Waiting is the absolute worst. Am I right? Waiting at the doctor’s office. Waiting in line at the post office. Waiting on paint to dry. Waiting for Christmas morning when you are under the age of 10, or still now.

We had heard the options. They were terrible at best. Basically, they let us know we are just prolonging death. Without saying death. Apparently, when they checked in and before we got there, my mom had been adamant and explained to everyone there that she just needed to make it to my wedding. I was basically a legend by the time I arrived (and not in a good way). But the possibility of hope, and talk of the wedding helped my mom get through the darkness. I know we almost lost my mom most nights, and somewhere I like to think that in her dreams, the wedding kept her going.

It wasn’t the fact that I was getting congratulated, or people getting excited about talking wedding plans, and checking out my engagement ring. It was that it was a happy distraction for us all. A reason to keep fighting, a reason for the surgery to 1) happen and 2) be successful. It was motivation for EVERYONE.

Any time my mom felt pain, or wasn’t her best self, the nurse would remind her why she was there. To walk her daughter walk down the aisle. To celebrate with the family that was in this room with her. To spend quality time with each one of us for as long as she could.

While we waiting on tests to be run, and whatever else those hospital folks do, we all took turns making the calls to family, friends, and employers. We slowly but surely added people to our waiting club. The calls to clients were easy. I was still freelancing my graphic design services at this point, and I let everyone know I would be out of pocket for an unforeseen time. Luckily, I had backup, and enlisted a few colleagues to help finish projects I knew couldn’t wait. Those calls were the easy ones.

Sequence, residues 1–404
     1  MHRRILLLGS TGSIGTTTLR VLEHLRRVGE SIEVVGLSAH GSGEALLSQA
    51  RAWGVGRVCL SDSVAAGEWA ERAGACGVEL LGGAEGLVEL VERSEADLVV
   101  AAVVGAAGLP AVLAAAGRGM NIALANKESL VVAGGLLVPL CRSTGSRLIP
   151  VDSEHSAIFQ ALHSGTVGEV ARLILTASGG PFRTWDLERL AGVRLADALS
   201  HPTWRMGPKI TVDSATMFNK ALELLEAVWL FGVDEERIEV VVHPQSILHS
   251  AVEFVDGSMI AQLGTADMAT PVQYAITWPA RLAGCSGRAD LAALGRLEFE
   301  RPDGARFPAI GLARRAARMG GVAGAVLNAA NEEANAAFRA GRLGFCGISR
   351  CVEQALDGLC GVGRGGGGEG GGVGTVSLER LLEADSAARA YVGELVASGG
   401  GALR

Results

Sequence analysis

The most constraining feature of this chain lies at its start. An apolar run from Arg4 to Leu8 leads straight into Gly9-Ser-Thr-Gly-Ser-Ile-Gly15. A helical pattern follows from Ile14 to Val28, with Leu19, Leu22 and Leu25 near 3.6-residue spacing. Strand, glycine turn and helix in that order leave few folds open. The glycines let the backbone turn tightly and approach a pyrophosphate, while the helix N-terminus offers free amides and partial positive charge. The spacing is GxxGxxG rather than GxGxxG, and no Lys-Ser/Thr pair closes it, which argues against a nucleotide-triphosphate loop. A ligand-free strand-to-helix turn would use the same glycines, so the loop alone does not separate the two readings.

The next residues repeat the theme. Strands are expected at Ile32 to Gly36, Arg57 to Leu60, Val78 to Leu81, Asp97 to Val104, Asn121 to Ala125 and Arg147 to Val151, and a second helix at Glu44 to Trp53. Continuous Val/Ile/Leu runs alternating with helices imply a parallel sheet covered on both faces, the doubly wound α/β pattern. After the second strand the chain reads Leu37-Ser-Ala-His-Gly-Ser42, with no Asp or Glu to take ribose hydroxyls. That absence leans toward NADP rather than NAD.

It was the calls to friends to ask them to join the waiting club that were hard. With each call, I took a breath, got through a sentence or two, and then lost it. I was always so strong and had been very logical about everything up to this point that I hadn’t really ever let myself feel those emotions. Friends would remind me that we just needed to be patient and see how the surgery goes. They were hopeful she would make it to the wedding. I reminded them that the doctors weren’t so sure.

A childhood friend reached out when she saw something was amiss on Facebook. I had posted a simple ask on Facebook – for friends to send happy thoughts, prayers, meditations and good vibes our family’s way. I hadn’t posted much detail, because I wasn’t ready, but the support was unconditional. My friend asked what was going on with us, and I slowly began to type back the details. And just like that, she was in the waiting club too.

So here we were, 6 weeks out from my wedding, and my mom was dying. As a person who likes to fix whatever is wrong immediately, waiting is the hardest thing to do.

And I all we could do was wait.